Tuesday, October 8, 2019
The Bookwyrms Review of Brightblade by Michael Suttkus and C.T. Phipps
Author: Michael Suttkus & C.T. Phipps
Release Date: TBA
Publisher: Crossroad Press
Genre: Urban Fantasy
Series: The Morgan Detective Agency, Book 1
I have been a huge fan of the various books C.T. Phipps and Michael Suttkus have co-written. When I heard that Michael would be taking lead on a new series set in the United States of Monsters universe, I was ecstatic, and happily took an offered review copy. I can happily say that not only does it fit into the universe, but charts in own course, adding new layers to what they have been creating in other books in the universe.
Ashley Morgan is a bounty hunter working with her partners at a bail bonds in New Detroit, which is where the vampires made their base of power after they came out into the open when they bailed out the government in the economic crash of 2008. With the vampires and other supernaturals gaining legal status, the Red Room, who policed the hidden supernatural world, find themselves out of a job. This leaves people like Morgan's family suddenly without support and at loose ends. In Morgan's case, she took her status as a Bright, which means she has mental abilities, and tried to become a costumed superhero. Having telekinesis and being an empath apparently weren't enough to get the job done, so she quit that.
Morgan's firm specializes by bailing out supernaturals. Unfortunately, when they skip bail, it means vanilla humans cant go get them. Its up to Morgan and her team to bring them back and collect. After the capture of a bail jumper goes sideways, the vampire sheriff shows up to take him into custody, in exchange for information about where Ashley's missing brother is. Planning on following up, Ashley has to take an artifact they were paid for a job to the supernatural's bank for deposit. Unfortunately, that's the exact moment three supernatural's decide to rob the bank for another artifact. This leads to a battle between Ashley and the three robbers, who manage to get away, with Ashley being injured.
Ashley wakes up in a strange room, feeling unusual. It turns out that she's at her brother's apartment over the club he owns. She also discovers that she almost died, and had to be saved with vampire blood from her brother, who is now a vampire, thus making her a dhampir. This is awful news to Ashley, who was raised to hate vampires. Ashley finds out the reason for the bank robbery, which was to get an artifact that can raise a dead vampire lord, who can use the wand to turn vampires human again, something the vampires will do anything to avoid. This leads Ashley and her brothers group into conflict with a powerful vampire family bent of gaining power, who will stop at nothing to gain it. It doesn't help that one of the main conspirators is one of Ashley's ex's, who apparently was even worse than she seemed. Ashley and crew must stop them before they bring about the end of the vampire nation, all while keeping Ashley from turning full vamp herself. Ashley needs all her abilities, both old and new, to survive until the end, with a lot of twists and turns along the way.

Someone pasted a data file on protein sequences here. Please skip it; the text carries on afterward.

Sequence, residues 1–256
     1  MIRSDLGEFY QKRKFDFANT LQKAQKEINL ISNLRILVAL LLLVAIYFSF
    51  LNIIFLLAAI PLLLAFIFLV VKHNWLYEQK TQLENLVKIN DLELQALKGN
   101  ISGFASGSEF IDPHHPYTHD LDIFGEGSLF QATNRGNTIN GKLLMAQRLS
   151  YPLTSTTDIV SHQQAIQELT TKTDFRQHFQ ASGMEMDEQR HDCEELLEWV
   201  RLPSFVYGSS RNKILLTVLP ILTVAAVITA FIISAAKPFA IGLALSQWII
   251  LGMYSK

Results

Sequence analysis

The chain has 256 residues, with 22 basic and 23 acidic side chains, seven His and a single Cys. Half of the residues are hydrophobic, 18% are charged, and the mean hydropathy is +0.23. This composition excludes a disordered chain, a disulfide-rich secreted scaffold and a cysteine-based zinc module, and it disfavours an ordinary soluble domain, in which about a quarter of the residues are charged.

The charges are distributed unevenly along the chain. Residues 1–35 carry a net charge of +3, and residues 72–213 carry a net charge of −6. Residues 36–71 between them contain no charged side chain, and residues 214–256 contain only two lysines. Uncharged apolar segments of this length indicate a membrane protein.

CHARACTERS AND WORLD BUILDING
Like anything having to do with Michael Suttkus and C.T. Phipps, characters are what drive the story. Ashley is such a well written character, strong, determined and vulnerable by turns. She has deep prejudices ingrained in her by growing up in the Red Room environment, but struggles to be honest and fair. Her hatred of vampires is so at odds with what her brother has become, and it's that conflict that helps driver her actions. Her bonding a mystical weapon also creates some funny moments, as she now has a rather loud "conscience" pushing her to do the right things. The other characters are also so much fun. From Arthur, Ashley's vampire brother, to Alex, her wizard ex, the secondary characters get so much care and development. they get fully fleshed out. The villain of the story actually has very little face time in the book, so doesn't get as much first hand attention, but is discussed at length throughout the book.
The world building is definitely sold. It expands upon the world created in Straight Outta Fangton, Esoterrorism and I Was a Teenage Weredeer. The fall of the Red Room is explained more in this one than the others, with some more of the ancillary work done there explained. New Detroit is expanded on past where its been shown before, really giving a look into the various territories the city is split into. It is definitely an expanded world ripe for future stories.
Any time you spin off a series with new characters, it has a chance of failing. Luckily, they took what worked with the other books in this universe, namely excellent characters, snappy dialogue and a fast paced plot and created a great addition to the universe. If you like any other books by these authors, you'll like this one. I think it has a lot of appeal for any fans of urban fantasy, and has lots of potential places to go.